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Opinion: Thanks for everything, Shirley Martin

By Mike Williscraft

There are some columns which just write themselves.

Then there are those you really don’t want to write.

This is one of the latter.

As you will have seen, good reader, Shirley Martin died last week after a long, tough cancer battle.

She meant a great deal to many, including myself and Catherine.

There are so many angles to come at this from it is really difficult to follow a train of thought. You have everything from smalltown farmer woman does good, really good, to highly intelligent communicator who worked in a federal government capacity at the United Nations but had no problem sitting at a volunteer booth at Festival at The Forty.

And there is a whole in between there, believe me.

Shirley was one of the first people I met when I came to town in 1995. Looking back, I am 100 per cent sure it was not by accident. I am equally confident she wanted to check out the new editor in town to see what I was about.

Over 25 years I cannot tell you how many times I spoke with her on all things community – from town council (more of late) to events to fundraising to the state of the local business community.

I must say, very few things surprise me any more. I am not a been there, done that guy, but I have seen enough in 35 years in this business to realize you can’t sit around expecting the unexpected.

I can say, straight up, I did not expect to hear Brian Mulroney’s voice on my cell phone Monday morning. It was only 20 minutes after I had emailed his assistant asking if Mr. Mulroney may be able to provide a comment on Shirley’s passing. In my email, I asked for a reply or quick call asking for confirmation of receipt since I knew deadline timing would be tight.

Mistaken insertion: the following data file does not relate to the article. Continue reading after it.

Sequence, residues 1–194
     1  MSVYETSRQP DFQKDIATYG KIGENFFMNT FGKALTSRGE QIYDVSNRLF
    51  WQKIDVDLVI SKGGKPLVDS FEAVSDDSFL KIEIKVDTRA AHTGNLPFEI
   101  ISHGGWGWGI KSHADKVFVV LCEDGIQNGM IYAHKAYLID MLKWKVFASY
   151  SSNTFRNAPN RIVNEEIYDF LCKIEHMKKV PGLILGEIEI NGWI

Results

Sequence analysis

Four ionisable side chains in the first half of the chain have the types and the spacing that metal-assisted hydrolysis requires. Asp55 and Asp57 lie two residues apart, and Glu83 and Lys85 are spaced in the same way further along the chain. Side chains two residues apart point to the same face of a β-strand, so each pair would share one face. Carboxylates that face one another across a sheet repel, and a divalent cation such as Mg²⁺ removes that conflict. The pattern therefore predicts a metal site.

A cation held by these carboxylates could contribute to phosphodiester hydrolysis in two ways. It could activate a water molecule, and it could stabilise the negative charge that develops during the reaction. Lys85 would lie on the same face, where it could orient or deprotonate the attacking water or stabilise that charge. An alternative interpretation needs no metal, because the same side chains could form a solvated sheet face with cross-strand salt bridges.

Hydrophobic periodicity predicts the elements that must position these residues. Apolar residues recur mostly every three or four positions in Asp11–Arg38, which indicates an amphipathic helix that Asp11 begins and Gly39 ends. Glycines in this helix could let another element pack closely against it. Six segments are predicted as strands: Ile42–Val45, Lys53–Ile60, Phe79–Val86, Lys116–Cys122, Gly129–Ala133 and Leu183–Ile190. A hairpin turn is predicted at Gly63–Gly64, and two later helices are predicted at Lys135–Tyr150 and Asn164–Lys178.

So when I saw my phone light up with a 514 phone number, I just answered in my usual way expecting a somewhat pat reply along the lines of…I’m working on getting you something, will email by day’s end…or something along that line.

No, it was pretty much an immediate phone call. I really wish I had recorded it, but I was wholly unprepared. The reason I would have wanted to record would be so the community could hear in the man’s voice the esteem in which he held Shirley Martin.

The immediate call back was a tip off, but he spoke eloquently and from the heart. There was a genuine love and appreciation there which typed words cannot express. I sincerely hope the manner in which his comments are presented come close and I really appreciated that call.

I have a lot of respect for people who do not forget who their true friends are. Mr. Mulroney, certainly, did not forget.
Thanks, sir!

Locally, Shirley’s passing was like a ripple across a pond. Those who knew her realized her health was not good so I would not say there was shock when hearing the news – particularly with the passing her husband of 69 years coming just three weeks prior.

Those ripples will travel off into the distance for years through the many people Shirley helped. If you are wondering how many that may be, basically, it is everyone who asked her for help or anyone she perceived could benefit from her aid.

As was stated over and over when I sought some sentiments regarding Shirley and her efforts, nobody was turned away – myself included.

Shirley was a regular at my offices over the years. The various groups and committees she served on were wise to the fact I would not and could not say no to her. How do you say no to someone who, in turn, does not deny anyone? You cannot, and I did not.

So a ton of WLMH, McNally House, Rotary and Grimsby Museum items rolled to me via Shirley, parked beside my desk. Almost always a personal visit. In more recent years, before COVID even, phone calls were a bit more common. The last time I spoke with her was about early August.

The upside of fewer “business” visits meant when Shirley was uptown she would always drop by for a social call, and that was when we had some great discussions. As well, each time she was in, she spent a lot of time talking to Catherine, especially when she was adjusting from moving from Montreal. They became very good friends and chatted often, too.

I cannot wrap things up any better than Mr. Mulroney when he said, “Shirley was one of a kind and we all appreciated and loved her.”

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